More problems with regular VPN speed tests

The majority of VPN speed tests give you the numbers from a single moment in time. What you see is a single speed reading from a single location during a particular hour and minute. Changing any one of the parameters will have an impact on the results. Now imagine changing all three and others that weren’t mentioned yet.

Here are just some of the reasons VPN speeds may vary:

  • Time of the day/week. Each VPN has many more users than servers, which are shared between everyone connected at that time. A bigger server load means slower speeds. If the speed test was made during peak hours and peak weekdays, the numbers would probably be lower than those you might get on a Saturday night.
  • Location of the VPN server. VPN servers are spread across data centers all around the world. Even if all of them were of the same quality, the internet infrastructure varies from country to country. That’s why sometimes, you may get better speeds in a country that’s thousands of miles away than in one that’s nearby.
  • The number of attempts. Two speed readings could be significantly different, even if you made them one after the other. A sudden VPN server usage spike or somebody starting to download a large file on your wifi can make an industry-leading VPN seem sluggish.
  • Chosen service. The internet is a network of interconnected devices constructed of various protocols. This means that connecting to a VPN server in the United Kingdom and downloading a file from a major UK website will result in different speeds than streaming Netflix from the United States. This also means speeds will vary depending on whether you’re running a speed test or trying to stream something, for example.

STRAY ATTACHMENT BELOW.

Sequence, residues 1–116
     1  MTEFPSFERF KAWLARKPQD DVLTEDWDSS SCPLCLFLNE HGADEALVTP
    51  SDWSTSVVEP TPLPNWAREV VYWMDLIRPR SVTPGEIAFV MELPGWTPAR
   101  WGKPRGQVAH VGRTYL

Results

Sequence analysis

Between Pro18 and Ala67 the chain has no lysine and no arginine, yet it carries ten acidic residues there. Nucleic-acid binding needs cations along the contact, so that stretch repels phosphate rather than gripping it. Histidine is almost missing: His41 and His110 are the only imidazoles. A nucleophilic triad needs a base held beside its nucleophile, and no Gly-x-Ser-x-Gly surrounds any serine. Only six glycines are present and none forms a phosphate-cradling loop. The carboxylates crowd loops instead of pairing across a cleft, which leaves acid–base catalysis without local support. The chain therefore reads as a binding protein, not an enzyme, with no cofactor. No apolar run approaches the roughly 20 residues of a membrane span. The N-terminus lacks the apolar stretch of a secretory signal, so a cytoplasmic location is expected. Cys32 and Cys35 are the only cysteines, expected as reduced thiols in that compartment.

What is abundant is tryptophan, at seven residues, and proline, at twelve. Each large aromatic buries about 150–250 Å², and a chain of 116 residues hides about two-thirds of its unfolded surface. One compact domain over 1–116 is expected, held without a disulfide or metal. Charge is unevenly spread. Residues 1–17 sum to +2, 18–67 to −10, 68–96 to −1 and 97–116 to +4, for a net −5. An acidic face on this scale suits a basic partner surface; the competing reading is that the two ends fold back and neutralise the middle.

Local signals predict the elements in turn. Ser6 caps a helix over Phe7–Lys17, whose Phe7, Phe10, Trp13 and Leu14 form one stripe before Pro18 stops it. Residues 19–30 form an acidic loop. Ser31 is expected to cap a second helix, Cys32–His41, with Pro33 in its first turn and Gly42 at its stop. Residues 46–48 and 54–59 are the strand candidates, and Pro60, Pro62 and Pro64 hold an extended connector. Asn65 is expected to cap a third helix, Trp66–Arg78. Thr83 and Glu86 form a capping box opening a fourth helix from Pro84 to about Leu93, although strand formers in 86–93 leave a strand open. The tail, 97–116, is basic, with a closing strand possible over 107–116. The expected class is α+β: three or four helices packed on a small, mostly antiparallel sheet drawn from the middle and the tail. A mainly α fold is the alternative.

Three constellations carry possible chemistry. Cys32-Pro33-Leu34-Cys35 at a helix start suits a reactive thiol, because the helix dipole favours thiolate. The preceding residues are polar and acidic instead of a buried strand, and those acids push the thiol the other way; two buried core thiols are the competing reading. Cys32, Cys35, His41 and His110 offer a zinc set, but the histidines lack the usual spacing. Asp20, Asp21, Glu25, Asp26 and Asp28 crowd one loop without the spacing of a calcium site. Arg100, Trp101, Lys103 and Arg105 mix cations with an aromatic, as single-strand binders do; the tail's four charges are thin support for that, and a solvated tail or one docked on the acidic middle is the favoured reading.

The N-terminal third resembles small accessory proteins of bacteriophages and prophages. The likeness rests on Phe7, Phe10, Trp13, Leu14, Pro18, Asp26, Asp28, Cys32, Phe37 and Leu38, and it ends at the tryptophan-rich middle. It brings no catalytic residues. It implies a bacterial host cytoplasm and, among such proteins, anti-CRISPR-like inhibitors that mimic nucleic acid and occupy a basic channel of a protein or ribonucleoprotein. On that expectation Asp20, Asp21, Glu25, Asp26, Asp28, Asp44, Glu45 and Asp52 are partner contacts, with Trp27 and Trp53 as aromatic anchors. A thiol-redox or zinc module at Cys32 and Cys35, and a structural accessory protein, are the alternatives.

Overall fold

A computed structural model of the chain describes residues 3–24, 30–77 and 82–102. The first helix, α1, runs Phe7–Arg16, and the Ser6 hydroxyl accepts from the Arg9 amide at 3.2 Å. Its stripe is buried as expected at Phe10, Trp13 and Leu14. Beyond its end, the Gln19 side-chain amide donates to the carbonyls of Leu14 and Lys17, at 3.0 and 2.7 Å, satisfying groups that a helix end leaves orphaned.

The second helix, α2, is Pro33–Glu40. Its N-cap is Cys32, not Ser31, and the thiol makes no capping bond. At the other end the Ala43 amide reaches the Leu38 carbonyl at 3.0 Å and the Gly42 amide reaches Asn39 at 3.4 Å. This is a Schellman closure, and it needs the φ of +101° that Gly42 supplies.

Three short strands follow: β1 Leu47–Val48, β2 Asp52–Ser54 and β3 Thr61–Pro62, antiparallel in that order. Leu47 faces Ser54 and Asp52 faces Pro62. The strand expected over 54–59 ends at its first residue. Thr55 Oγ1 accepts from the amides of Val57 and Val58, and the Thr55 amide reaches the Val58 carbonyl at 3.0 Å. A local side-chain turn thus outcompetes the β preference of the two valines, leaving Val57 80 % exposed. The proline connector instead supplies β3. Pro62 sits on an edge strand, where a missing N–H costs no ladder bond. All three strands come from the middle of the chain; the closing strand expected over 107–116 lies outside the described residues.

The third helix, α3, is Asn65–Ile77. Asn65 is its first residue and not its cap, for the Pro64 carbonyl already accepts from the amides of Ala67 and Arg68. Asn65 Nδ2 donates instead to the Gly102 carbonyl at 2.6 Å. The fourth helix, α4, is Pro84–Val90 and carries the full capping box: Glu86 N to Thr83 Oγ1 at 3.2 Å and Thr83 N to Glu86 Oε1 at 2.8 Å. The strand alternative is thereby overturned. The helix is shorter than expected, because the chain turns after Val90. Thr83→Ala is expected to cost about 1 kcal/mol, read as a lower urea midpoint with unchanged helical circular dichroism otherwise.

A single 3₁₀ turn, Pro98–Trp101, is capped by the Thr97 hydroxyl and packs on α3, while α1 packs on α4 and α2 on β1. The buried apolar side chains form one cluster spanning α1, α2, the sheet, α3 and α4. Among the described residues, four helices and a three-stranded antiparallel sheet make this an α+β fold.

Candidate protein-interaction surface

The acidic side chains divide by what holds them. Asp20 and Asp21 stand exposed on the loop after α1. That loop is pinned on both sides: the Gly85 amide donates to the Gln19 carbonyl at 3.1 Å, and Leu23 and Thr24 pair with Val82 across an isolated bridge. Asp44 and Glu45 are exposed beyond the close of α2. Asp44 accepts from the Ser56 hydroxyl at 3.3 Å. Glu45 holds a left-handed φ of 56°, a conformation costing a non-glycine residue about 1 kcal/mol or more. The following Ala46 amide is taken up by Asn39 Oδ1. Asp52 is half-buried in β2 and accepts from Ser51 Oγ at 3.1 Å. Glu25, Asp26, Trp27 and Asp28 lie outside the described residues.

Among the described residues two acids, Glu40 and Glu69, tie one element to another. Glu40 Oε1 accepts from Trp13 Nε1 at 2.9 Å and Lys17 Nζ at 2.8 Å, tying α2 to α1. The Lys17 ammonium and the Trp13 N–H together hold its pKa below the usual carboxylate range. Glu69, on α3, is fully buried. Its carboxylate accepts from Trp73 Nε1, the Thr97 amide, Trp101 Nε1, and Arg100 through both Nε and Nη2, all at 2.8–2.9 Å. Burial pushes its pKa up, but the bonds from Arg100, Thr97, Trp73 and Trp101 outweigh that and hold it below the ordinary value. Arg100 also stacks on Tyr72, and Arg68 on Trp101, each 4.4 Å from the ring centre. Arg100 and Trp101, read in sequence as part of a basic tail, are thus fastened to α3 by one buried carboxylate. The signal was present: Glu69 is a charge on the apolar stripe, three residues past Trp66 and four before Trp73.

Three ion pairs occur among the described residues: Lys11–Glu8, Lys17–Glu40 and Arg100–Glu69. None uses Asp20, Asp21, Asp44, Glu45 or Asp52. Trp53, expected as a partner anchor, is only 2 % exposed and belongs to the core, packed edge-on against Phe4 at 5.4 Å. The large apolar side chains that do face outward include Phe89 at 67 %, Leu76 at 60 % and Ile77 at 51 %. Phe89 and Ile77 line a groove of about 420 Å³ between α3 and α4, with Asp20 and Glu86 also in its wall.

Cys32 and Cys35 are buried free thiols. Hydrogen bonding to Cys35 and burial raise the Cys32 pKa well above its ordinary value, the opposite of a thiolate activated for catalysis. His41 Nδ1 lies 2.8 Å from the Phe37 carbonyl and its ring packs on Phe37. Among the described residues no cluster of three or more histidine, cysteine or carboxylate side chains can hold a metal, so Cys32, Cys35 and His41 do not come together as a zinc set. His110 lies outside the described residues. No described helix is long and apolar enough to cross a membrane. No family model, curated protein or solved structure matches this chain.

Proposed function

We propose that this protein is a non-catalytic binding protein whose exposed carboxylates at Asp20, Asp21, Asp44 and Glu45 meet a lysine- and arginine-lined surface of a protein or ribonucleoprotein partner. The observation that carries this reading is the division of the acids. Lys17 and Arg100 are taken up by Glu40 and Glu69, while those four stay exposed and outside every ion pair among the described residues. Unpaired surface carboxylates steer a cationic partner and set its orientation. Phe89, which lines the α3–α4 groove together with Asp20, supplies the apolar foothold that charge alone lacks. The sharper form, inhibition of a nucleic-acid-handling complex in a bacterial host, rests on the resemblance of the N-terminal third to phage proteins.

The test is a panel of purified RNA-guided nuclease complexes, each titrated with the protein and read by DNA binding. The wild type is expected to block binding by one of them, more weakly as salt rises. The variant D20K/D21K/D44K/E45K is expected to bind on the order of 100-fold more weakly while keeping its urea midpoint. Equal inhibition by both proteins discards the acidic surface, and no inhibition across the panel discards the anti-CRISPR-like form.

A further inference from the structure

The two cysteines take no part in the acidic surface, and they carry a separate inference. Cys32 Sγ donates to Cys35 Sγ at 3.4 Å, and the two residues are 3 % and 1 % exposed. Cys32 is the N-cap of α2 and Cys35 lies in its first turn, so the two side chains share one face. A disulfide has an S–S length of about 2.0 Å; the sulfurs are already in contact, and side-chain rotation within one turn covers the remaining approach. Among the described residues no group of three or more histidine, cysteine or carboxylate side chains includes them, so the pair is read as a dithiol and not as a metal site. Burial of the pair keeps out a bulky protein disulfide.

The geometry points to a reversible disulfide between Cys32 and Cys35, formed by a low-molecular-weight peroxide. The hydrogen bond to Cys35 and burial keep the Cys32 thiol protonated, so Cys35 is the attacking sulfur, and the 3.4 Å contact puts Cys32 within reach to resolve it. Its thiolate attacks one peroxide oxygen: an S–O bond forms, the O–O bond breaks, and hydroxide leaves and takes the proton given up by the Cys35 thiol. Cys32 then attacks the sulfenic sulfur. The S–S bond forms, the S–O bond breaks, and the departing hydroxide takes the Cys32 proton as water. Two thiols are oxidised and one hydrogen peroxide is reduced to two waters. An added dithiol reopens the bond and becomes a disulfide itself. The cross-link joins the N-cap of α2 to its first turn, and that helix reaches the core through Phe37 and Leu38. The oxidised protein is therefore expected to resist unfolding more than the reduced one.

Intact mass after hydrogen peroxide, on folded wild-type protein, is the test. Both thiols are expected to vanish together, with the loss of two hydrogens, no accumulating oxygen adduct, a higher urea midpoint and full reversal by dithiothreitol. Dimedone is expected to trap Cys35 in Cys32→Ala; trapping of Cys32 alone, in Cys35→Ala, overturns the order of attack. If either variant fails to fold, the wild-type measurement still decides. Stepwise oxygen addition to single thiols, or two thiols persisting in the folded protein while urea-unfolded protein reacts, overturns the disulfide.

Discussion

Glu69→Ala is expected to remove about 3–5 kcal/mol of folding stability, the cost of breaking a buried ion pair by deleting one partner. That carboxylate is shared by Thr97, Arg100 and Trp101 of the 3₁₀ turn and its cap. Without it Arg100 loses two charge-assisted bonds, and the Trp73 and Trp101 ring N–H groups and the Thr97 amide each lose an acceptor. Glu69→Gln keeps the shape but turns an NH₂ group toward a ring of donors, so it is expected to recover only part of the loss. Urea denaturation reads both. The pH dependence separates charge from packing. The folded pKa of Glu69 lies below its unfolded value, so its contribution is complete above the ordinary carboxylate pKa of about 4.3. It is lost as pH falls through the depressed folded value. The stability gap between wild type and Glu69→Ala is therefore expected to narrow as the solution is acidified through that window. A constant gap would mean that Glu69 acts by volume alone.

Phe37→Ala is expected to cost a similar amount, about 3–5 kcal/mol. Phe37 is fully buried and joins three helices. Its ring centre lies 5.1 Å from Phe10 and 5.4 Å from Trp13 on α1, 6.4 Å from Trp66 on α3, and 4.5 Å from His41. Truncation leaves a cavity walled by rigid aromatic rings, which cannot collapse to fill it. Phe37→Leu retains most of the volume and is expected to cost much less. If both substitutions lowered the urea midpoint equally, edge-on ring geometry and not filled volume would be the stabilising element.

Hopefully, this gives you an idea about the relevance of most VPN download and upload numbers that you encounter online. 

Why our VPN speed test is more accurate

In short, our speed test is better because it removes more variables from the equation than your regular speed reading. Let’s discuss each of these variables in a bit more detail.

How our speed test works

The diagram below should give you an idea about the differences in the VPNpro speed testing tool compared to any regular online speed test.

how our speed test works

Here’s how it works, step by step:

  1. Our speed test connects to the internet and requests a connection with the VPN server
  2. The request travels through as few hops as possible because the VPN server and the speed test server are always within the same country
  3. The request reaches the data center with the VPN server
  4. The VPN server sends back the results along a similar path

Eliminating the user’s ISP from the test

For starters, we take the measurements and compare them automatically, which is not possible for a user unless you dedicate your life to VPN speed testing. By eliminating the user’s ISP from the test, we exclude the following factors:

  • Interconnect links chosen by the ISP
  • The infrastructure of the user’s ISP
  • The user’s selected bandwidth plan

These three factors alone can influence the speed test results more than the quality of the VPN.

Measuring within the same country

Let’s say you live in Europe, and you connect to a VPN server in the USA. Then you run an online speed test and get the results. In such a scenario, the route your traffic takes from your PC to the VPN server in the US is a lot longer than the route from the VPN server to the speed test server.

Having all this in mind, we measure VPN speed within the same country. This allows us to have as few hops as possible between the data centers that host our speed test and the VPN server. Even if the user is in the US and runs a speed test in the same country, his traffic would likely still travel through more hop than a dedicated VPN speed testing tool like ours.

Maintaining the “user perspective”

Even though we try to remove as many unnecessary steps as possible from our VPN speed tests, we don’t try to get better results than a regular user could. We use a precise algorithm that takes each VPN provider’s OVPN configuration file (where available) and uses real account credentials.